How do we improve our art? I definitely subscribe to the 10,000 hours of hard work idea. This rule originally proposed in Malcolm Gladwell’s NY Times bestselling book “Outliers, The Story of Success” suggests that only by practicing 10,000 hours at a specific task you are able to become successful at whatever it is your doing.
I am pretty sure I have worked at art for at least 10,000 hours, however, lately I have begun to realize that possibly there is something more involved in being successful.
I recently led a workshop in Gualala, a small seaside town located along the coast in Northern California. In this workshop we did not do any art. Instead, we engaged in conversations about the feelings of art making. What barriers we each felt in regards to our own art, what works, what doesn’t, etc. For many people, just getting to have a conversation with others about what they were after, what their work that was yet unmade looked and felt like. How does this thing called art fit into each of our lives? What is it exactly for each of us? It all seemed extremely helpful for everyone. We went on hikes and spent an entire afternoon sitting and talking on giant piles of driftwood on an extraordinarily beautiful beach. It was a great weekend filled with a lot of laughter and great food and gorgeous landscape, however, it wasn’t until I returned that I understood the full magnitude of that weekend.
Because the participants of this workshop were all people in my mentoring program I was able to see some astonishing results several weeks later….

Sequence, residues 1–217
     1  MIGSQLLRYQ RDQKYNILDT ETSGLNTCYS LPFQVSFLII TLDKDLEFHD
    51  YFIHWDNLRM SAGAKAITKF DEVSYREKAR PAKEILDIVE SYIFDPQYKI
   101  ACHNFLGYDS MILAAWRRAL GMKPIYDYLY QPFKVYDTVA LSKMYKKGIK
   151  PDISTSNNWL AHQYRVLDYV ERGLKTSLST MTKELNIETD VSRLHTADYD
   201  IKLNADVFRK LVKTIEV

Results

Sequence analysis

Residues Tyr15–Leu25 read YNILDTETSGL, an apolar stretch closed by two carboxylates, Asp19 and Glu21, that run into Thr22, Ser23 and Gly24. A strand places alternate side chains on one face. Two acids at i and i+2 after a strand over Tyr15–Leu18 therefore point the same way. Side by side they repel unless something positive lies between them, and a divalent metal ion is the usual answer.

Across the board–every ones work massively improved or took major shifts in that direction. Many people just painted over previous work, others finally broke through to far more refinement that had eluded them for months previous. One of my artists actually said that the feeling of that weekend- the spaciousness, the connection she felt in herself and others, coupled with the raw beauty of the place was how she wanted her future work to feel.
As a teacher I work hard to figure out ways of helping others shift and move their work to a place that is more in alignment, and more authentic, however I have never gotten this kind of a result so quickly before. Especially without actually doing art!
So many of us feel, including myself, if only my work was …, if only I could have this kind of success…etc. then I would feel so relieved, so happy. If I can work super hard at changing my career, my art in some particular way, then I will be successful.
What this weekend got me seriously thinking about was how and what I am teaching. Maybe great work comes more as a result of the thinking. Maybe we can take gigantic shifts not only by just working hard but also because we can project how we want our work, our lives really, to feel in the future and then once that is clarified, change our work to match that feeling.
This idea is so beautifully summarized by Martha Beck in her book “Steering by Starlight” This, for me is a remarkable couple of sentences: “External circumstances do not create feeling states. Feeling states create external circumstances”
In other words, maybe I have had everything kind of backwards…. the state or desired feelings we want, so tirelessly sought after by endlessly pushing at whatever it is we do –could maybe simply be achieved way ahead of schedule. Maybe if we can imagine the feeling and actually experience it, know it, recognize it, that then, the work, the art, can more easily BE like this feeling or state of being.
I don’t think I have my head entirely around this yet. I am not even sure it fits in with the subject matter of this blog. I am not even sure I know what I am talking about. However when something wakes me up repeatedly in the middle of the night I know there is something there.
Does anyone else utilizes this idea, or better understands it in regards to the creative process? Any thoughts would be super helpful for me.
In gratitude, Nicholas W